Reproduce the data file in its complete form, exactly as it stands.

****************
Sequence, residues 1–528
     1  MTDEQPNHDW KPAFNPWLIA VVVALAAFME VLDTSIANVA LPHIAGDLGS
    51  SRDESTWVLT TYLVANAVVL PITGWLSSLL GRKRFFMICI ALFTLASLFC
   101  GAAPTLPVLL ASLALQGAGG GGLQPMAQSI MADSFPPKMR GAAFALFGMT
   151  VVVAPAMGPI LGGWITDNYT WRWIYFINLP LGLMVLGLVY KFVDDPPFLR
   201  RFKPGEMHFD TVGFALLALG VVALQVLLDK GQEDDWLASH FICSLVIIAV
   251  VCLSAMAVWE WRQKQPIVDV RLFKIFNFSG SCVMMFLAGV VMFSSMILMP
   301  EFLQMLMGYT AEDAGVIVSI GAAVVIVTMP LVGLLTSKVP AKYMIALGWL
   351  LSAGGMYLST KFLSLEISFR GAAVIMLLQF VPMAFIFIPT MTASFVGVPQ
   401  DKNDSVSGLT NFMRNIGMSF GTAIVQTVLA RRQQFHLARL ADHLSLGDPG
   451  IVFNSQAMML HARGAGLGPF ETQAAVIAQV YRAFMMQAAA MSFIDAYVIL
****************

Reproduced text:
Sequence, residues 1–528
     1  MTDEQPNHDW KPAFNPWLIA VVVALAAFME VLDTSIANVA LPHIAGDLGS
    51  SRDESTWVLT TYLVANAVVL PITGWLSSLL GRKRFFMICI ALFTLASLFC
   101  GAAPTLPVLL ASLALQGAGG GGLQPMAQSI MADSFPPKMR GAAFALFGMT
   151  VVVAPAMGPI LGGWITDNYT WRWIYFINLP LGLMVLGLVY KFVDDPPFLR
   201  RFKPGEMHFD TVGFALLALG VVALQVLLDK GQEDDWLASH FICSLVIIAV
   251  VCLSAMAVWE WRQKQPIVDV RLFKIFNFSG SCVMMFLAGV VMFSSMILMP
   301  EFLQMLMGYT AEDAGVIVSI GAAVVIVTMP LVGLLTSKVP AKYMIALGWL
   351  LSAGGMYLST KFLSLEISFR GAAVIMLLQF VPMAFIFIPT MTASFVGVPQ
   401  DKNDSVSGLT NFMRNIGMSF GTAIVQTVLA RRQQFHLARL ADHLSLGDPG
   451  IVFNSQAMML HARGAGLGPF ETQAAVIAQV YRAFMMQAAA MSFIDAYVIL